Two years after the 1981 San Francisco performances we worked on a “Rigoletto” film on fantastic locations in Italy with Ingvar Wixell, Edita Gruberova and Luciano Pavarotti. I was co-director. It was one of my most exciting experiences ever. 

[Below: the Deutsche Grammophon DVD of the “Rigoletto” film of which Ponnelle was director and Asagaroff co-director.]

Wm: Although Ponnelle’s “Rigoletto”emphasizes the “fantastic locations” to which you refer, rather than those that are limited by the size of the opera house stage, the film’s action incorporates such Ponnelle innovations as Maddalena’s role in Gilda’s death and the scene of Rigoletto and the cortigiani taking place in the Duke’s bedroom that you referred to above.

In Fall 1982, in the first fall season of the new General Director, Terrence McEwen, you were chosen to direct the second revival of another Ponnelle production,  that of his “Cenerentola”. Ponnelle had personally directed the San Francisco Opera premiere starring Teresa Berganza, and the first revival with Federica von Stade. 

Your Cenerentola was Marilyn Horne and your Ramiro was Mexican tenor Francisco Araiza in his United States debut. Paolo Montarsolo, who, to date, had sung Don Magnifico in all the previous San Francisco performances,  returned in that role, with Sesto Bruscantini as Dandini. What were your thoughts on that revival?

[Below: Franciscso Araiza as the Prince, Don Ramiro; edited image, based on a Ron Scherl photograph, courtesy of the San Francisco Opera.]

GA: I had done “Cenerentola” with Ponnelle in Düsseldorf 1973 and loved this production from the first moment on. I had several new casts in Düsseldorf in all those years and had done it alone 1978 in Zurich with Agnes Baltsa, Araiza and Marius Rintzler with Maestro Ralf Weikert conducting. It was my first work in Zurich and the beginning of my love affair with the Zurich Opera.

This role was not easy for Horne because the tessitura is far higher than Isabella in “L’Italiana”, but she managed it well and all had a great success together. Horne didn’t sing Cenerentola again afterward.

[Below: Marilyn Horne as Cenerentola; edited image, based on a Ron Scherl photograph, courtesy of the San Francisco Opera Archives.]

Wm: You had one other assignment that fall – stage director for Puccini’s “Manon Lescaut”, with Mirella Freni and Ermanno Mauro, conducted by Maestro Maurizio Arena. This was one of my all-time favorite performances of that wonderful opera.

GA: I am still very thankful Terry McEwen gave me this fantastic opportunity for my own production of “Manon Lescaut” with Mirella Freni, one of the greatest singers, who would make her debut as Manon in my production! I was very nervous, because I had only seen Mirella in “Boheme” and “L’Elisir d”Amore”, but had never worked with her before. Ponnelle told me I should not worry, because Mirella is a wonderful woman and colleague, and that he had told her that she could trust me and my stage direction.

[Below: Mirella Freni in the title role of the 1983 San Francisco Opera production of Puccini’s “Manon Lescaut”; edited image, based on a Ron Scherl photograph, courtesy of the San Francisco Opera Archives.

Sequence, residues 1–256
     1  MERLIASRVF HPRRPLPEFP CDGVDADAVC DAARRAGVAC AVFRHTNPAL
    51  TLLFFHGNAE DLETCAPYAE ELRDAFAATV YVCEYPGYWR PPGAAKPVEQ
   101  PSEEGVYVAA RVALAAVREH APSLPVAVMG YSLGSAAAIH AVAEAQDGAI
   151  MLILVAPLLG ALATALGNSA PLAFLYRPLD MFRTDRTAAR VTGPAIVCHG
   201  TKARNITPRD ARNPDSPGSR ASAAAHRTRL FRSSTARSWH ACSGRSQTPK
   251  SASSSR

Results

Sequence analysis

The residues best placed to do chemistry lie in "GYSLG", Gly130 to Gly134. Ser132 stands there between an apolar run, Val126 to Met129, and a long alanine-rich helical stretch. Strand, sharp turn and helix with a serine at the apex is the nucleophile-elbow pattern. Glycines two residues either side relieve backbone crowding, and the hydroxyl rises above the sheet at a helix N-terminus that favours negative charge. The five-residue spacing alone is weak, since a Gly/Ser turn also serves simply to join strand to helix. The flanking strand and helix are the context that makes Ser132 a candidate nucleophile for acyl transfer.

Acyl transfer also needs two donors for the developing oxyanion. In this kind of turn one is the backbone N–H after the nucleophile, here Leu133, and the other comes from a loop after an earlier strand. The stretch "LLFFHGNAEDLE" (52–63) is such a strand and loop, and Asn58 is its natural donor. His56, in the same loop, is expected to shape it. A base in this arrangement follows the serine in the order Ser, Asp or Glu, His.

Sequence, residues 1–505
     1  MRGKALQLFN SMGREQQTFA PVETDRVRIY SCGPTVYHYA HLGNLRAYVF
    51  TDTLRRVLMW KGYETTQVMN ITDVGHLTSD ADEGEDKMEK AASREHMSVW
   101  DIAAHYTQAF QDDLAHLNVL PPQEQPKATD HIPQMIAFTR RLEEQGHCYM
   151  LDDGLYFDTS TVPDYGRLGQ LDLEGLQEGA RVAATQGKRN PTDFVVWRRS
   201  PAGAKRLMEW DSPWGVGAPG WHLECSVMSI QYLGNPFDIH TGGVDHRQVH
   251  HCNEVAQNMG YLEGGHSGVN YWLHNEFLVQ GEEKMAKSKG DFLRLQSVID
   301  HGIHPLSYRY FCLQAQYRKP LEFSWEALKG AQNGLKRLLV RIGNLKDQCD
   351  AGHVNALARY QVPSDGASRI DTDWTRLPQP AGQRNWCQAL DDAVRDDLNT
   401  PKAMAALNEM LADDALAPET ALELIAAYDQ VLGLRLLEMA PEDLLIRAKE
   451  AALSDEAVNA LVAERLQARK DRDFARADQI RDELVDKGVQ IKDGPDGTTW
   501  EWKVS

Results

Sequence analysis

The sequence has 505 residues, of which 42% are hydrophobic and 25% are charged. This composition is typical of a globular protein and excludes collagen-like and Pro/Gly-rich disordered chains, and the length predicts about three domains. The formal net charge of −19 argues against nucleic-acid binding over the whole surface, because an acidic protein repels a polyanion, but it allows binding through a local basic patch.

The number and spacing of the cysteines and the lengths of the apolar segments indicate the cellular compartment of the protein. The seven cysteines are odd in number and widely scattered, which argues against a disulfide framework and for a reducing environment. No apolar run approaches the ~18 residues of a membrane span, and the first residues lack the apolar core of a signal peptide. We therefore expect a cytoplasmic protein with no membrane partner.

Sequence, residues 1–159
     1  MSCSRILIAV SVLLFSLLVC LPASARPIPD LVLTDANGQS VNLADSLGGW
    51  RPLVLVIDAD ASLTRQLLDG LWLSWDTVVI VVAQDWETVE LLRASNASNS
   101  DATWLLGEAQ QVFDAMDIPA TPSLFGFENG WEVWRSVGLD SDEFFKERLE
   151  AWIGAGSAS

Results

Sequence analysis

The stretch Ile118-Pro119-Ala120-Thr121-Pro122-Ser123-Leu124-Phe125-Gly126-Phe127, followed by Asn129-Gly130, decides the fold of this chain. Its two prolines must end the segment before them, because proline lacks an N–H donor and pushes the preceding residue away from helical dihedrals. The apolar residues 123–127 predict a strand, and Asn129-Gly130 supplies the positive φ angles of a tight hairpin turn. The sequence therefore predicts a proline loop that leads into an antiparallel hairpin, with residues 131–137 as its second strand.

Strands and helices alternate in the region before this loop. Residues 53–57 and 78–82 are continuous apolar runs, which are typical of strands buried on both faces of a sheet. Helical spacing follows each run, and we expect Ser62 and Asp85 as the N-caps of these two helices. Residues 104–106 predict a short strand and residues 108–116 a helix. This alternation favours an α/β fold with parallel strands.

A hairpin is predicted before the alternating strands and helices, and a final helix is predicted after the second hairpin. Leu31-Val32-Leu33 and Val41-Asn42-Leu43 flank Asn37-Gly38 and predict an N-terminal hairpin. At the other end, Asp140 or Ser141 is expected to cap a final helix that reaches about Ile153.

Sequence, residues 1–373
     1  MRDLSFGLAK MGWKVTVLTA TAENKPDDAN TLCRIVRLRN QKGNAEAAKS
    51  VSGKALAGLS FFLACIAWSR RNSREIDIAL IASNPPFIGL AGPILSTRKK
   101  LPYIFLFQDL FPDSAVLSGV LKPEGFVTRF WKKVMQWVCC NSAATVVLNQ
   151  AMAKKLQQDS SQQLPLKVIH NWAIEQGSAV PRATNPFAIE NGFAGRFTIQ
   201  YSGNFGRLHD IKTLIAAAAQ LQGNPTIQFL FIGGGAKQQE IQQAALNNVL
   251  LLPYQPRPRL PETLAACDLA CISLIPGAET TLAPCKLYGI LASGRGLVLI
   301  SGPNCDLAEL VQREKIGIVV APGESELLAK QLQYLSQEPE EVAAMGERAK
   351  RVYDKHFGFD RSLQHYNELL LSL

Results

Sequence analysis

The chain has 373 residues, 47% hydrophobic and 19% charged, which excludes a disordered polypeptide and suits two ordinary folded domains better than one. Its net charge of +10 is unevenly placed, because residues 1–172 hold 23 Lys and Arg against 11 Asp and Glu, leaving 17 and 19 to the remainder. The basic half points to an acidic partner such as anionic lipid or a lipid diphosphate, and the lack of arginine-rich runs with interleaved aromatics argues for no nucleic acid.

It was great that I knew the wonderful San Francisco Opera chorus after lot of productions and could prepare all chorus staging at home, because I had to complete the chorus and lighting rehearsals months before I would start with the soloist.

The chorus rehearsal was fantastic. We had all such fun with the stories I invented for them and I was very happy. The lighting rehearsals included Allen Charles Klein, the designer of the sets which came from the Florida Grand Opera. I only had seen the photos , but never had seen the Miami production on stage. With Allen’s assistance, I adjusted the sets for my production.

[Below: the sets, originally designed for the Florida Grand Opera by Allen Charles Klein, used for the Grischa Asagaroff production of Puccini’s “Manon Lescaut”; edited image, based on a Ron Scherl photograph, courtesy of the San Francisco Opera Archives.]

I only had seen Manon Lescaut once in my life in Verona with Magda Olivero and Placido Domingo and fell in love with this opera . Now McEwen gave me an outstanding cast with Freni, Mauro, Sardinero and Capecchi and a wonderful conductor, Maurizio Arena.

The rehearsal time was incredibly fantastic, because we all worked together without any arguments and created a great production in a short time. The pre-rehearsed chorus staging fitted perfectly in. Maestro Arena scheduled many musical rehearsals and I was overwhelmed how he worked with those famous singers and got so many new colors out of the music.

I hardly have ever seen such musical rehearsals again. It was wonderful how Mirella played the young girl in Act 1 , the femme fatale in Act 2 and the broken woman in despair in the last Act .

[Below: Geronte (Renato Capecchi, right) enlists the Innkeeper (Roger Andrews, left) in his abduction plans; edited image, based on a Ron Scherl photographm courtesy of the San Francisco Opera Archives.]

I knew from Ponnelle what fantastic actor was Capecchi and he was so right. I never saw a better Geronte. Also, Sardinero was the perfect sleazy brother of Manon.

Mauro was a singer with a fantastic strong voice. He was such a great guy and had such admiration for his colleagues. He did all to keep up with them also as actor and he survived perfectly. All gave their ever best in the parts and the audience felt this and was enthusiastic.

[Below: Ermanno Mauro as the Chevalier des Grieux; edited image, based on a Ron Scherl photograph, courtesy of the San Francisco Opera Archives.]

Wm: I was at the final performance on a Saturday night at which the audience ovation was one of the loudest and most sustained of any I experienced in my decades of attending the company’s performances. It included very loud foot-stomping, a rarity with San Francisco audiences

GA: The entire production gave us so much fun and the enormous success paid off for our work. Freni sung Manon very often afterwards in different productions, but she told me that mainly she kept our staging and ideas from San Francisco Opera. We became close friends and worked a lot together afterwards until she retired from performing. To have worked with her was always a highlight in my career.